How to Clean a Pellet Grill in 3 Easy Steps
Pellet grills have taken over the barbecue world thanks to their ease of use.
While you can leave a pork butt or brisket smoking overnight while you sleep like a baby, you’ll still need to regularly clean your pellet grill to keep it running well and avoid potentially expensive issues.
Cleaning a pellet grill doesn’t have to be a chore, and if you make it a habit every few cooks, it will only take 10 – 15 minutes to complete.
In this guide, we’ll show you how to clean and maintain your pellet grill for long-lasting and efficient performance.
What you need to clean a pellet grill
Pellet grills use a fan for optimal airflow and clean combustion of wood pellets. This produces a lot of ash and pellet dust that gets into every corner of your grill and compiles in the firepot.
If not maintained, the performance of the grill can suffer, causing more dirt and ash build-up with less than ideal combustion.
There are some items that help make cleaning a pellet grill much easier. In the long run, it’s worth investing in grill cleaning tools, especially if you’re an avid cook.
I’m cleaning the Z Grills 700D4E in this example, but the instructions will be the same for any pellet grill.
Recommended items for cleaning a pellet grill:
- Grill brush – If your grill grates are porcelain-coated, you want to make sure you use a nylon bristle grill brush. Steel bristles can scrape and remove the porcelain coating.
- Heat resistant gloves
- Warm water
- Mild dish detergent
- Metal or silicone scraper
- Rag, cloth or paper towel
If you don’t have access to a shop vac, you can use a small brush and dustpan to remove most of the ash in the cooking chamber, but you won’t be able to clean out all the ash, especially the ash in the firepot.
We highly recommend using a shop vac for ash removal.
How to clean a pellet grill step by step
Next, we’ll go over how to clean your pellet grill to keep it in good working order.
1. Clean the grill grates and heat diffuser
You should be cleaning the grates after each use, getting any leftover food particles burnt off and ready for the next cook.
To burn off any food stuck to the grates, turn the grill to the highest setting and close the lid. Let it run for about 10 minutes, burning all the food particles into carbon.
I try and do this at the end of each cooking session after I take my food off while I’m getting everything ready. Just remember to turn your grill off when you’re done!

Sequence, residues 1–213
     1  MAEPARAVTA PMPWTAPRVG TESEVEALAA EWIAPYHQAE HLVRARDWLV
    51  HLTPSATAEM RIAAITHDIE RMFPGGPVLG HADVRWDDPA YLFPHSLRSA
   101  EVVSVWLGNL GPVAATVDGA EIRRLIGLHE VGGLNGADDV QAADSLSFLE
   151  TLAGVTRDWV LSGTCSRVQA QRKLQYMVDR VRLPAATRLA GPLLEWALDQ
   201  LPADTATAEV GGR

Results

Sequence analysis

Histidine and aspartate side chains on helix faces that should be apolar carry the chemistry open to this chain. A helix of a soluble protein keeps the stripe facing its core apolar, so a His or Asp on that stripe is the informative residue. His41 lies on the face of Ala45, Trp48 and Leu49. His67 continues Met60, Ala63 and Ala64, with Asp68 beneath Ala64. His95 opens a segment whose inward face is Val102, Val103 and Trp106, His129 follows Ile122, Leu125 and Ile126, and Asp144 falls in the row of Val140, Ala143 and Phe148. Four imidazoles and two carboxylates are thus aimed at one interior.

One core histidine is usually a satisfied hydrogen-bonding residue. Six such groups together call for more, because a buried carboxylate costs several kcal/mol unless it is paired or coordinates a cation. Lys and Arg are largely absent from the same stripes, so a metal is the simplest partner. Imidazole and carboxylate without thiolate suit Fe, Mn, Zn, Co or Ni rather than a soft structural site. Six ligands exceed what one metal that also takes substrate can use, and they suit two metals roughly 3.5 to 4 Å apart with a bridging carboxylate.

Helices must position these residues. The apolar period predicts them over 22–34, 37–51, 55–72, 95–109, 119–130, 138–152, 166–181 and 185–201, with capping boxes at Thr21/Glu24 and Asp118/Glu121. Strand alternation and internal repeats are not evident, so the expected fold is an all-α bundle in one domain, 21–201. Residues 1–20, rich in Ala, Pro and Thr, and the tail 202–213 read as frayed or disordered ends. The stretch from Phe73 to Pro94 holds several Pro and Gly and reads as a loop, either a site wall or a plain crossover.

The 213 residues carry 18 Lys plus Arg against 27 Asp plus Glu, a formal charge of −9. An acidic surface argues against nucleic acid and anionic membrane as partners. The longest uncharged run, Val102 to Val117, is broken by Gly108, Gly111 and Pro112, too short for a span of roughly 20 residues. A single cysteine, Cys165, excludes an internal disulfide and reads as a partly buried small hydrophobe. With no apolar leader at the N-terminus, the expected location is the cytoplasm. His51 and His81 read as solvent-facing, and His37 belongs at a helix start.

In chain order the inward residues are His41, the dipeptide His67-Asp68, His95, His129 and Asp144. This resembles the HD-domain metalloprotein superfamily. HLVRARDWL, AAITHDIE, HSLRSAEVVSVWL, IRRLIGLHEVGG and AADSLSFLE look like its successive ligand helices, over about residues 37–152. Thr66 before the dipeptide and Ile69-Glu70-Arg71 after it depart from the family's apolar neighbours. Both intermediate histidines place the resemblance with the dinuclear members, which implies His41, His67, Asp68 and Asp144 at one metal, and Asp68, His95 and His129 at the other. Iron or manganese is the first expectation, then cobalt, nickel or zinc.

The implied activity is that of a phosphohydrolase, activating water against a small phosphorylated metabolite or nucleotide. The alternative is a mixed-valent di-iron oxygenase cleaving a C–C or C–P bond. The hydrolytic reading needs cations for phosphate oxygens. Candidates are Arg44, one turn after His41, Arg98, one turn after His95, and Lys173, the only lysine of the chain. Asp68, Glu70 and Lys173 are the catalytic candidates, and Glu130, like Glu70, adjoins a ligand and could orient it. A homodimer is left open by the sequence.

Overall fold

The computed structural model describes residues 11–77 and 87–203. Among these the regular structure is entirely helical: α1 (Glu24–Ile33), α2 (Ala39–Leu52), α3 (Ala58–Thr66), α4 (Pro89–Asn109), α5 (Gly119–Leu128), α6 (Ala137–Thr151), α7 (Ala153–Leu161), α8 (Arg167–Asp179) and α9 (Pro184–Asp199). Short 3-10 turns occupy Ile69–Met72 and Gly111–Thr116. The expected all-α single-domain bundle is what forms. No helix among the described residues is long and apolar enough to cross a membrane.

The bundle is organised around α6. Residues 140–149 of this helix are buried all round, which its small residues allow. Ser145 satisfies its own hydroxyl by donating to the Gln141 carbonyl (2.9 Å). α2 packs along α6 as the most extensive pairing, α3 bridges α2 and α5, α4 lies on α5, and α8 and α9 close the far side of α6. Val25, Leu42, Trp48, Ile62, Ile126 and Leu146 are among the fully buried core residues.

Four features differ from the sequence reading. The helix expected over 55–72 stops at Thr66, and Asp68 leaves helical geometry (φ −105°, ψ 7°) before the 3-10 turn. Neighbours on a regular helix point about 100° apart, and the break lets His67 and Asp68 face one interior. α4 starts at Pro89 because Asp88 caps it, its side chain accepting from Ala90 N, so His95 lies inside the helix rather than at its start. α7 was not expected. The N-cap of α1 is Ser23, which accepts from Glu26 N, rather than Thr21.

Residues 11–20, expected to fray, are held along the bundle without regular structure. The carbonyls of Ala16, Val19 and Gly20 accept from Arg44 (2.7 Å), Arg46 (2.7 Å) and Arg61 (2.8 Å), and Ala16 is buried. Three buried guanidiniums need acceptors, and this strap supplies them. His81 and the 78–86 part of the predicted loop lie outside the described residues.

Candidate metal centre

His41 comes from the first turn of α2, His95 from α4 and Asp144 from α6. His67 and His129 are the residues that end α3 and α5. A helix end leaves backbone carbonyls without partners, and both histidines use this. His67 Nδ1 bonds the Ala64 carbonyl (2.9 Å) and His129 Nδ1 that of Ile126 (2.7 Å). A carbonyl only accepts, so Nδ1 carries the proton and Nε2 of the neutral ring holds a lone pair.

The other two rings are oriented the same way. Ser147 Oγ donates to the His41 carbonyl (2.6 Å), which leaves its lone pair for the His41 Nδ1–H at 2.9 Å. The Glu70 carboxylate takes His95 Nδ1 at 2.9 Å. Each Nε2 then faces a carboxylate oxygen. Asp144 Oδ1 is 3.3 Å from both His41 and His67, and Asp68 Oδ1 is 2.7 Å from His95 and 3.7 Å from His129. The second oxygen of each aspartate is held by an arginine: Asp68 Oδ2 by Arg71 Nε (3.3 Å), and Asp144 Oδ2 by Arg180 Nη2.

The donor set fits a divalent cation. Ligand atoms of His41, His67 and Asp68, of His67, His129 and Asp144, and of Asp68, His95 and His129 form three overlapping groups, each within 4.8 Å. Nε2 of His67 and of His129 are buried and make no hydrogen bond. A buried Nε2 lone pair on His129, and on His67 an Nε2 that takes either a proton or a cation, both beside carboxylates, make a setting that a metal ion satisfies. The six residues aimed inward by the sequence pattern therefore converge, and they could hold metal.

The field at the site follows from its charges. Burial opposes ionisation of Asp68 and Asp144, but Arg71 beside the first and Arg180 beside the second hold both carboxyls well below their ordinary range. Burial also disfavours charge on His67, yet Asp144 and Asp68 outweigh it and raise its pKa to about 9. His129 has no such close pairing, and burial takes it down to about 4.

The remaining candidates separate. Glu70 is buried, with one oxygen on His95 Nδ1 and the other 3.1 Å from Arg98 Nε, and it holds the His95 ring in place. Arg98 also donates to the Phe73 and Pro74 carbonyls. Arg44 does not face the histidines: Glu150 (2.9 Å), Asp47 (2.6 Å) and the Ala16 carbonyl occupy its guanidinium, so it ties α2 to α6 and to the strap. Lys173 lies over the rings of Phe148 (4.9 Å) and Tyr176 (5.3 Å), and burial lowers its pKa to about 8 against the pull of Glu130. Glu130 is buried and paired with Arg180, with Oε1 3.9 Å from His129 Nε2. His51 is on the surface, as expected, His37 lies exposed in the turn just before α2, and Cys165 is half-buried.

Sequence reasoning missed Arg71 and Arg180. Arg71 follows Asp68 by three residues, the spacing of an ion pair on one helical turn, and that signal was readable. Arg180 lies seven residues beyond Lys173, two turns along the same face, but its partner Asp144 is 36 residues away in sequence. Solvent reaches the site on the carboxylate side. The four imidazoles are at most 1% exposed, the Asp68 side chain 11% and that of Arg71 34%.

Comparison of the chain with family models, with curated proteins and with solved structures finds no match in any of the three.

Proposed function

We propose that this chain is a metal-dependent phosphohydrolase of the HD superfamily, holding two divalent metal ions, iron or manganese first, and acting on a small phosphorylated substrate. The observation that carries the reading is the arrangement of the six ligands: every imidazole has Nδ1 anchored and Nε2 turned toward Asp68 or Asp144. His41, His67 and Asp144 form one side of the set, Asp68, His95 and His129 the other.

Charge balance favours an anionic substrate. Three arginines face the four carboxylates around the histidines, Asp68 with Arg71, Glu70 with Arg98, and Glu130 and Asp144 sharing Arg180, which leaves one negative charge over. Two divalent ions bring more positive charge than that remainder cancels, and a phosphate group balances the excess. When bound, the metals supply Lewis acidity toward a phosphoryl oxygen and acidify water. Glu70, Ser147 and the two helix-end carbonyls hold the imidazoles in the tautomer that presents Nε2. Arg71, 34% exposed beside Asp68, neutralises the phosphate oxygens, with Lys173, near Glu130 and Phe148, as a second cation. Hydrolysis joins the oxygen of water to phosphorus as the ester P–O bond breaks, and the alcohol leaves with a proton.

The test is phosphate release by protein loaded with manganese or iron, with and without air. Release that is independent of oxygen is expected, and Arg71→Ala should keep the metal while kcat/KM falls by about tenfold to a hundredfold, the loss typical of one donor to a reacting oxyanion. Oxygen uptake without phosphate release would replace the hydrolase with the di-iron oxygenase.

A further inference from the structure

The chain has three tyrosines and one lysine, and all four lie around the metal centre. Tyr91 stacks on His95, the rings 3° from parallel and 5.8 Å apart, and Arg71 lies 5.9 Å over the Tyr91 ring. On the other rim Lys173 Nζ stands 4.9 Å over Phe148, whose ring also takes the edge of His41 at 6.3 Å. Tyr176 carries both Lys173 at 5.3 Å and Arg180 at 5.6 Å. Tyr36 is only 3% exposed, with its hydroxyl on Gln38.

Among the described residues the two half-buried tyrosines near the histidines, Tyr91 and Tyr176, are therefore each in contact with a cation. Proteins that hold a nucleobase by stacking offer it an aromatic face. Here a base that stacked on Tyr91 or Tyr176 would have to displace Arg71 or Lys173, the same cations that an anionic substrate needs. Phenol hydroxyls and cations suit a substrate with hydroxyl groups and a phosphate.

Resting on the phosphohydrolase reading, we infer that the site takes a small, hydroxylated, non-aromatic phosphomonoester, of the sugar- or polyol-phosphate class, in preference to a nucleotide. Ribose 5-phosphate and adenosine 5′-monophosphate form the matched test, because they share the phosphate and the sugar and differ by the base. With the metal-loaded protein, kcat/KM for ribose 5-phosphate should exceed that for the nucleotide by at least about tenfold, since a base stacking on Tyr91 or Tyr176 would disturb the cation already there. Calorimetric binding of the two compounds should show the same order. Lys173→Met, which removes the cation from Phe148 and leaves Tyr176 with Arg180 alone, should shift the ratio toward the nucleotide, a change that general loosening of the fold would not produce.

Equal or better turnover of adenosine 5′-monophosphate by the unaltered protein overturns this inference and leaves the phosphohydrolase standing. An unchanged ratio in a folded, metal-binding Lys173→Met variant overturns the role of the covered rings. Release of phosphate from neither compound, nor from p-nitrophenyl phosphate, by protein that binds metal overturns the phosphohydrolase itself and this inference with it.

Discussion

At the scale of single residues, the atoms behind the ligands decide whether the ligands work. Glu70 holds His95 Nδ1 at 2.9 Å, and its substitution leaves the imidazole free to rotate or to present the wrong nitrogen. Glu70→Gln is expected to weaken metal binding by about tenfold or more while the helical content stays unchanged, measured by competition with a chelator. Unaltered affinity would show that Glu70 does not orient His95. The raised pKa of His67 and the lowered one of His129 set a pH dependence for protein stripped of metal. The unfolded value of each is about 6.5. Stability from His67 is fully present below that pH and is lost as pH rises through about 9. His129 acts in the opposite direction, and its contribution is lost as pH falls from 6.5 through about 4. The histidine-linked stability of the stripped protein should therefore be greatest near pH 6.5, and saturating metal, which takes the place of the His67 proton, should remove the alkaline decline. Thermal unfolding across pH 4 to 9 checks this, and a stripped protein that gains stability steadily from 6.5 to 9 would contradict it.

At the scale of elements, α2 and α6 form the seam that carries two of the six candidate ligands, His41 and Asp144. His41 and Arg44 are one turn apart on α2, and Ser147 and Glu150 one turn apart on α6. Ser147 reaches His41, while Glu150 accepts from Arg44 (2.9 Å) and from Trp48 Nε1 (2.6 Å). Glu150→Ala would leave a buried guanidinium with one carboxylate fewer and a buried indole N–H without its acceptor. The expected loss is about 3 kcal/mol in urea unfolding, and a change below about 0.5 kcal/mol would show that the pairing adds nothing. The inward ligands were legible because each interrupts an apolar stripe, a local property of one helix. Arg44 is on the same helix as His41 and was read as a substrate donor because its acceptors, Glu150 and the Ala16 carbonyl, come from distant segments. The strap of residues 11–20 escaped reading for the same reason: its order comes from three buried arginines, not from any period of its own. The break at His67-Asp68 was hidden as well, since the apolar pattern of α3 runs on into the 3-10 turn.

After a ten minute burn-off, follow the steps below:
- Open the grill lid.
- Turn temperature down to 300°F.
- Scrub grates with a grill brush, back to front.
- Use a wet, wadded up paper towel or dedicated grill cloth held in tongs to deglaze hard stuck-on food then brush again.
- If your grates are cast iron, oil them with a greased up paper towel held in tongs.
With the grill open, the process is similar for the heat diffuser:
- Remove grill grates and set aside (use heat-resistant gloves for this task or remove them before starting the ten minute burn off).
- Wipe diffuser down with a wet sponge, deglazing any stuck-on foods.
- Use a metal or silicone scraper for hard-to-get-off particles.
- Wipe down again with wet sponge or paper towel.
- Turn off the heat.
You might want to wrap a metal scraper with a paper towel to prevent scratching the heat diffuser. Most pellet manufacturers recommended wrapping the diffuser with foil for easy disposal and clean-up.
2. Cleaning the pellet grill cooking chamber
With the grates clean, it’s time to deep clean the cooking chamber.
Pellet combustion leaves small amounts of ash throughout the cooking chamber, and can build up over time. This can cause issues with your grill from bad airflow to the inability to ignite.
To prevent this, we’ll remove all internal components, clean up any ash and stuck-on grime, and wipe down the inside.
Follow the steps below to clean the cooking chamber of a pellet grill:
- Make sure the grill is completely cooled down and unplugged.
- Remove grill grates and set aside.
- Remove heat diffuser and other internal components and set aside.
- With the cook chamber and firepot exposed, use a shop vac to clear the built-up ash
- Vacuum out the firepot.
- Make sure the igniter rod is free of debris or stuck on material.
- Wipe down the cooking chamber with a paper towel or cloth. If it’s especially grimy, you can wipe down with a wet sponge and mild dish detergent. Be sure to wipe dry afterward.
- Be sure all components are dry before reassembling in reverse order of removal.
3. Cleaning the exterior of a pellet grill
With the interior clean, we only have the exterior left to do. The ash and splatter can do a number on the outside of a pellet grill if not maintained.
Follow the steps below:
- With the lid closed, wipe down the exterior with a damp cloth – wipe along the grain to prevent streaking especially in stainless steel models.
- If grease persists, use a non-caustic cleaning spray or light detergent and quickly wipe off with a cloth or paper towel.
- Wipe dry with a separate clean cloth.
If using a separate cleaner, be sure it doesn’t contain bleach and that it is non-caustic. These cleaners can strip the outermost coatings of the grill parts and cause corrosion and other damage.
Wrapping it up
If you use your pellet grill regularly, it’s a good idea to do a full cleaning once every 2 months or so to keep it running smoothly. If you notice any dips in performance, perform a full cleaning then test again to see if the built-up ash was the cause.
If you only cook occasionally, once-a-season cleaning may be all you need to maintain the grill and keep it in good working order.
Whatever the case, it’s good to get in a good cleaning cadence with your grill to protect your investment and extend its working life.